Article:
Tuesday, November 15, 2011

Bringing Out the Ugly

“Make your life a clear testimony. Be like a brook of which you can see every stone at the bottom-- not like a muddy creek, of which you can see only the surface. Be clear and transparent, so that your heart’s love for God and man may be visible to all.” ~Charles Spurgeon

I’ve been stuck in between sharing this post & not. Sin is ugly. It’s embarrassing. But, I set out to be purposeful in blogging so that I can remember what the last several months have meant for me. (Lord knows I will need this reminder in the future. Probably even tomorrow. I’m a slow learner!) I thought about keeping it private, but being openly transparent with others is something that the Lord has been working on in my life, so I’ve shared.  I thought about not writing this because sometimes I simply don’t like the responses of others. I think without meaning to, people often trivialize something that the Lord has taught you or they attempt to simplify your personal experience. Such comments & attitudes are neither edifying nor helpful, and it usually just leaves me feeling hurt. But by sharing, I’ve opened myself up to criticism, which I just have to get over because choosing not to share how steadfast the Lord’s work has been simply because someone might hurt my feelings is selfish.  Therefore….

All through my pregnancy and even through Abi Kate’s earliest days, I heard that being a parent would change who I am. Most of the time, I pridefully felt like I didn’t need to change much about myself. I had a degree, a career, and a precious marriage before having a child. It’s not like I had to stop being a party girl and grow up (and seriously, the idea of me as a party girl is pretty hysterical. I know you laughed!) I’ve heard women talk about how their experiences with their fathers or mothers altered the way they wanted to parent. I couldn’t apply that to myself either, and I’ve never appreciated that more than I do now. I have a very present father who walks in integrity. I have a very Godly mother who serves the Lord with gladness. Simply put, I have a really good relationship with both of my parents. Nothing about my growing up was broken or tarnished.  I also felt when people mentioned this idea of change that I was already walking with the Lord. I knew there was plenty of room for growth, though I didn’t grasp how much. But after looking the face of my precious girl, after carrying that sweet life inside me, and after longing for her to love the Lord with all her heart, I knew that change was inevitable. I couldn’t hope that she would live her life a certain way if I wasn’t setting that example for her. I couldn’t expect that she would be compassionate and merciful towards others, humble and meek if I wasn’t living that in front of her day in and day out.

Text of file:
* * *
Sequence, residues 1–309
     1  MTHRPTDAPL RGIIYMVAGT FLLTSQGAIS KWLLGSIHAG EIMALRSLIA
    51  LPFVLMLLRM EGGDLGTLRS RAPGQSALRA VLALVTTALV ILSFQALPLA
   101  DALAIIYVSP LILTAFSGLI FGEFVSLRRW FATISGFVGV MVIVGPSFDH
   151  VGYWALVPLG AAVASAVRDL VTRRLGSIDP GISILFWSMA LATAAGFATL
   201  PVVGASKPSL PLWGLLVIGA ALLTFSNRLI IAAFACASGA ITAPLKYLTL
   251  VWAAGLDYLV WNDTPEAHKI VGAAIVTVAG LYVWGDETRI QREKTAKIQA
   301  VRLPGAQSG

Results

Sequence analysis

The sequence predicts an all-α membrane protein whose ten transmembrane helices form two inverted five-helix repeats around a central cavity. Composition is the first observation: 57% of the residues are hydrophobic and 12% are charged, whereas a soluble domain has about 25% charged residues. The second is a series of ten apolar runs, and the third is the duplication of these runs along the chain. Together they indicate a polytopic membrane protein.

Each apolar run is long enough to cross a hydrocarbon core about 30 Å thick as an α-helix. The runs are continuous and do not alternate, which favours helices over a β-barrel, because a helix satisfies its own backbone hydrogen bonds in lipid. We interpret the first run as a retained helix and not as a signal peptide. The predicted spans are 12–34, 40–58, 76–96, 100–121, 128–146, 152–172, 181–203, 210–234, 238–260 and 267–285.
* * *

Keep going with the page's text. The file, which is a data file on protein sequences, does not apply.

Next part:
Much of this recognition of long-lived sin in my life started years before Abi Kate’s arrival, but I’d been able to make change applicable on my own terms for years. Looking back I cannot believe how patient the Father’s heart has been with me. How patient He is with me still. I would’ve forsaken me a long time ago. Early this summer, the Lord really began dealing with me about this pervasive issue. He used a few relationships to challenge me to walk more faithfully and convicted me to respond in ways that I normally would not. But the struggle between myself and what Christ would have me do was very present. Several months after that, we joined a new connect group at church and we also began a new Life class. Much of these two classes overlapped in their discussion and content. It was funny because they’re taught by the same person and he’s said throughout the duration we must be getting tired of him and his teaching. We aren't.  Really, I think the Lord intended for me to have the double dose because I’m such a stubborn learner. God has used a culmination of events, people, and these two weekly meetings to bring great repentance in my heart. Sad to say I was really surprised by this. I have no longer been able to escape the evident truths of God’s grace. I’ve no longer been able to make them applicable on my own terms. They are things that I’ve always known. They’re not new concepts for me. I grew up in the church and saw Godly truth lived out in my home. I was saved at age 8, by the grace of God and only that I never experienced a period of outward rebellion. But my own heart has been “deceitful above all things” (Jer. 17:9), deceiving even me into believing that I was walking with others in humility and grace.